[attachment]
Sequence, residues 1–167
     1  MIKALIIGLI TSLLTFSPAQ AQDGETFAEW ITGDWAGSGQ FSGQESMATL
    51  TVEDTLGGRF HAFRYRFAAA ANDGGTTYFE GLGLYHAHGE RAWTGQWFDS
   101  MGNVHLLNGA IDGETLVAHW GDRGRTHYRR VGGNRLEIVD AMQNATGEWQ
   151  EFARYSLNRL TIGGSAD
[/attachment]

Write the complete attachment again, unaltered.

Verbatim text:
Sequence, residues 1–167
     1  MIKALIIGLI TSLLTFSPAQ AQDGETFAEW ITGDWAGSGQ FSGQESMATL
    51  TVEDTLGGRF HAFRYRFAAA ANDGGTTYFE GLGLYHAHGE RAWTGQWFDS
   101  MGNVHLLNGA IDGETLVAHW GDRGRTHYRR VGGNRLEIVD AMQNATGEWQ
   151  EFARYSLNRL TIGGSAD